Crisis can be a key catalyst for reform, but all depends on the ability to effectively channel citizen demands and the responsiveness of key political actors. The Channel is clear – the “popular initiative” (Art.62 of the 1988 Constitution), which requires signatures by 1% of the electorate (1.34 million citizens) spread across at least 5 states, with signatures in each state representing at least 0.3% of its electors.*
The problem is responsiveness. Today, Contas Abertas reports that the “10 Measures Against Corruption” popular initiative led by the Public Prosecutor, signed by over 1.5 million citizens, and advanced by 1016 different organizations, has been languishing in the Lower House since its introduction over a month ago. According to the law that regulates popular initiatives (Art.14), Congress “will give pursuance” to the measure, which is treated as a bill rather than a simple proposal. No pursuance is in the offing, however; passage of such reforms by the band of brigands governing the Chamber of Deputies would be tantamount to political suicide.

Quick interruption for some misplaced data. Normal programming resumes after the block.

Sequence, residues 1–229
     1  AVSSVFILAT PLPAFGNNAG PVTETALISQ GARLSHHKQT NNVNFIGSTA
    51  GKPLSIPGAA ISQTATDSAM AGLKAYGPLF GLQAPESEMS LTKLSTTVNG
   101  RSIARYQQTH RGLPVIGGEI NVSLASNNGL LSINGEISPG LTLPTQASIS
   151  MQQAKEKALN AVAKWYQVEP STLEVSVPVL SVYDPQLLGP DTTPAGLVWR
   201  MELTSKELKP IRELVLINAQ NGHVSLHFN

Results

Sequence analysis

But responsiveness is not just a matter of current political dispositions; political will can be shaped by media pressure, and that pressure – as I detailed yesterday in relation to ongoing reform efforts of the Coalition for Political Reform – has not been forthcoming. The news media did cover an electronic petition by the organization Avaaz, containing 1.3 million signatures and presented yesterday to the Chamber’s Ethics’ Committee, but proposals to fix or build upon the current political system lack coverage. Read about the 10 Measures here or the English Executive Summary at the link above.
*The popular initiative is regulated by Articles 13-14 of law 9709.